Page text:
Different Types of Employment Termination
Employment termination is when the relationship between an employee and employer comes to an end. This could happen because an employee has decided to terminate their relationship with the organization or the employer has made the decision to terminate employment.
If you feel you were unlawfully terminated from your Ohio workplace, discuss the details of your situation with a Columbus employment attorney. It is important to note that an individual has taken a leave of absence or is experiencing a temporary layoff, they still have a relationship with their employer, the relationship has not been formally terminated.
What is Voluntary Termination?
There are many examples of voluntary termination. For example, a person could decide to leave their job because they secured another position, they are retiring, have decided it is time to start their own business, or have decided to take a break from the workforce.
Sometimes, employees leave because of a bad situation and the voluntary termination is referred to as constructive dismissal. If a worker feels they have no choice but to leave their job because of a salary that is too low, the work moves to a location that is far away, or work relationships are unhealthy, for instance.
Of course, if a person is forced to leave their position, legal action could follow if the employer’s actions were unlawful. Compensation or another type of benefit may be possible if it can be proven that the employee was treated in an unlawful way.
Are There Different Forms of Involuntary Termination?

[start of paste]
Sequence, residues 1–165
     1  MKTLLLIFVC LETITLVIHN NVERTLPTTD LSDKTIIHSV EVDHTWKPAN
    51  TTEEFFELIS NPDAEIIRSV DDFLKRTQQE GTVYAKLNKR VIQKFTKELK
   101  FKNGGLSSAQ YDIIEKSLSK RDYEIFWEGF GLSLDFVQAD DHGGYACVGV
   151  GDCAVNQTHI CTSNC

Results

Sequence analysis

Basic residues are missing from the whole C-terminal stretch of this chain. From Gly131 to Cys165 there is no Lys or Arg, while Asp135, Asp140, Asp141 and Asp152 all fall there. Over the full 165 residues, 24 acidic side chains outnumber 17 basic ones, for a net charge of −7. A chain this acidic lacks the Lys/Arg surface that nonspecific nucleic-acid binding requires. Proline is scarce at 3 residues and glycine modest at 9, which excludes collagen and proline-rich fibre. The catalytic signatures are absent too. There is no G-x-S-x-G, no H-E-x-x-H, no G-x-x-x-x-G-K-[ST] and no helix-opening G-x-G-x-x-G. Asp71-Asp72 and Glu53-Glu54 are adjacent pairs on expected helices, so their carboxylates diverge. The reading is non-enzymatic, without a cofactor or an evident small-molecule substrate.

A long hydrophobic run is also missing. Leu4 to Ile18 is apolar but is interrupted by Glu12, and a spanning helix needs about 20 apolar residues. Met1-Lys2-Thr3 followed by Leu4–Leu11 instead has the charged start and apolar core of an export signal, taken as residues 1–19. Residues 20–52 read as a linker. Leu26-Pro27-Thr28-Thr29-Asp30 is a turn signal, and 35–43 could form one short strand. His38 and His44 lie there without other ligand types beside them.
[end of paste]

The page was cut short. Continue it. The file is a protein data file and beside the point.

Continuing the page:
Yes, just as there are different forms of voluntary termination, there are different types of involuntary termination. A person may be laid off due to a need to lower operating costs. Or a business could be restructuring or merging with another company. Layoffs occur for circumstances not connected to the worker themselves, they are different than when an individual is fired.
Termination compensation is common when a person is involuntarily terminated through no fault of their own. This compensation is often referred to as severance pay. There is often company protocol on how severance pay is handled. Often an employee handbook will have a guideline for employees regarding how long they have worked for an organization and how much a severance package would be in connection with that time worked.
When an employee is fired, it is often because of a sour attitude that is not a good match for the company’s culture. Or the employee had a poor performance record. There are also times when workers are fired because they participated in illegal or unethical activities.
If you believe your dismissal was illegal, ask a Columbus employment attorney about your options. It is illegal to fire a person for reporting harassment, whistleblowing due to illegal activities, or taking a leave of absence.
Were you illegally dismissed from your Ohio workplace? Contact the lawyers at Coffman Legal LLC today. We are strong and committed advocates for all Ohio workers and use our experience and knowledge to help you. Call 614-949-1181 for a free and confidential consultation.